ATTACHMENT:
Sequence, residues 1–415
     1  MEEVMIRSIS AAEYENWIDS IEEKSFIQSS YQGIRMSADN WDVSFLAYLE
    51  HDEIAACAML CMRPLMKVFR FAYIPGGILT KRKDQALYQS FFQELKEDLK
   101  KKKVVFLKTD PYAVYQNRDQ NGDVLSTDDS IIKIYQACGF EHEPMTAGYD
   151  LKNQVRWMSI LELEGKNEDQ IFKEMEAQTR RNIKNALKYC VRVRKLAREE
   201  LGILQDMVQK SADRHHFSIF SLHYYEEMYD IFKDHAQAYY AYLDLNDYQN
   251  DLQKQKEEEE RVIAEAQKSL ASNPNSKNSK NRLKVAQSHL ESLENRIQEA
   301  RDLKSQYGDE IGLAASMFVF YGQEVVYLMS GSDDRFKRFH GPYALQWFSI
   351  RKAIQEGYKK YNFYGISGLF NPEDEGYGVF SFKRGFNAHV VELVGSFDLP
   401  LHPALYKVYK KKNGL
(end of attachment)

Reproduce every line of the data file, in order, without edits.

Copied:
Sequence, residues 1–415
     1  MEEVMIRSIS AAEYENWIDS IEEKSFIQSS YQGIRMSADN WDVSFLAYLE
    51  HDEIAACAML CMRPLMKVFR FAYIPGGILT KRKDQALYQS FFQELKEDLK
   101  KKKVVFLKTD PYAVYQNRDQ NGDVLSTDDS IIKIYQACGF EHEPMTAGYD
   151  LKNQVRWMSI LELEGKNEDQ IFKEMEAQTR RNIKNALKYC VRVRKLAREE
   201  LGILQDMVQK SADRHHFSIF SLHYYEEMYD IFKDHAQAYY AYLDLNDYQN
   251  DLQKQKEEEE RVIAEAQKSL ASNPNSKNSK NRLKVAQSHL ESLENRIQEA
   301  RDLKSQYGDE IGLAASMFVF YGQEVVYLMS GSDDRFKRFH GPYALQWFSI
   351  RKAIQEGYKK YNFYGISGLF NPEDEGYGVF SFKRGFNAHV VELVGSFDLP
   401  LHPALYKVYK KKNGL